Ethnomasochism, on the other hand, is plainly unnatural, and an indication of moral impairment, since it takes positive pleasure in its infidelity. The ethnomasochist doesn’t just reluctantly and with great trepidation turn on his nation as a last possible alternative, to stop a moral atrocity from taking place (after the manner of heroes like Sophie Scholl and Alexander Solzhenitsyn); instead, he takes positive delight in turning against his people, and even looks for the pettiest of excuses to do so.

I wrote last year at Red Pill Report about Baby Boomers’ legal push to force doctors to go against the Hippocratic oath and kill them. It is little surprise Boomers bite the bullet at a higher rate than any other generation:

More than today’s teenagers, more than the elderly, a struggling slice of the 76 million Americans born between the mid-1940s and mid-1960s is showing a willingness to kill themselves. Some experts say that generation has always been more prone than others to self-destruction.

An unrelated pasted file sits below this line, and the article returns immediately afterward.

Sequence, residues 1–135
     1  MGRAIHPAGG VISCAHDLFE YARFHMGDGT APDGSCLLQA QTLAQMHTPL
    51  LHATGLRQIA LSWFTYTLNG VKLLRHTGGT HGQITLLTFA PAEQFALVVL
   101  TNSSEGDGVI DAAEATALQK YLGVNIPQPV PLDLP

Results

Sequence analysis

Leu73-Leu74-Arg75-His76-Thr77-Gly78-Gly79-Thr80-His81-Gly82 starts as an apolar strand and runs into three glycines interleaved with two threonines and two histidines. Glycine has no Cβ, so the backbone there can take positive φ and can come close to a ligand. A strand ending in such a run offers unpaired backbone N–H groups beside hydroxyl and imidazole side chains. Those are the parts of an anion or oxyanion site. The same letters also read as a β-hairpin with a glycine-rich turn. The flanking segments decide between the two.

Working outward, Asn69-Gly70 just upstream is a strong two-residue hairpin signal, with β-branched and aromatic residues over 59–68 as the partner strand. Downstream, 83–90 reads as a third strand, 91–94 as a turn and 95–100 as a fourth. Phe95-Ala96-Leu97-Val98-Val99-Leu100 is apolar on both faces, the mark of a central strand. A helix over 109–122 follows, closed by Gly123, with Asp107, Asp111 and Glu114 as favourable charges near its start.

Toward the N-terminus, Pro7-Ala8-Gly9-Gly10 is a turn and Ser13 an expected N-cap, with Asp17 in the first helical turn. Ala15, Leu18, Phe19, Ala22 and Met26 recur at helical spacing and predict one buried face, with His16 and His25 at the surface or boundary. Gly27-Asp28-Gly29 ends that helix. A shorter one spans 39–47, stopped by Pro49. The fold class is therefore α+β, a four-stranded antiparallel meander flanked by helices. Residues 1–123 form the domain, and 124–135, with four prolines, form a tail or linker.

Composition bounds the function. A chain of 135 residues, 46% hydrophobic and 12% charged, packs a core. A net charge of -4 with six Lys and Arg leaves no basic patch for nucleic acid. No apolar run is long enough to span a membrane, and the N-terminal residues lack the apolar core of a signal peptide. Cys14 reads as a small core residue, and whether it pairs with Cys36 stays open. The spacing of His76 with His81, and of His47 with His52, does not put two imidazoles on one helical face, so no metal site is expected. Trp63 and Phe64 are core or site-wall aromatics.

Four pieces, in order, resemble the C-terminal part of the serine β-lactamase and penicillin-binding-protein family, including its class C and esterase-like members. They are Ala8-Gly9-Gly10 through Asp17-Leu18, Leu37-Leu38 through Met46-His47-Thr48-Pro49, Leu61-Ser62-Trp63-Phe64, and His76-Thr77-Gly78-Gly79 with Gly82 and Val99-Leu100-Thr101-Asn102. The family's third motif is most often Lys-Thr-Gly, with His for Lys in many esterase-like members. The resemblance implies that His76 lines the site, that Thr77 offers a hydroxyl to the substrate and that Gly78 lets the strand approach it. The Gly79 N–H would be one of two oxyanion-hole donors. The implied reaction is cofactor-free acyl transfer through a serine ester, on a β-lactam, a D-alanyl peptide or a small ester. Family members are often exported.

In living as well as dying.

Peggy Joseph, whom I referenced in this post 2 years ago, has come down to earth about her expectations of government:

“He had a very big voice, just like the Wizard of Oz,” Joseph said, comparing Obama to the famous phony wizard. “The wizard was this little teeny-teeny tiny man, and I think it’s the same thing with Obama, the man behind the curtain,” Ms. Joseph said in a reflective, disappointing tone.

Ms. Joseph looks back at the time of her 2008 interview, saying, “I was Dorothy in the Wizard of Oz. That’s how I feel.”

“What I learned is never trust the Wizard,” Joseph now says. “It’s within ourselves to have the determination, the courage, and the brains, to bring us to our destiny.”

Is there a better metaphor to describe savior government?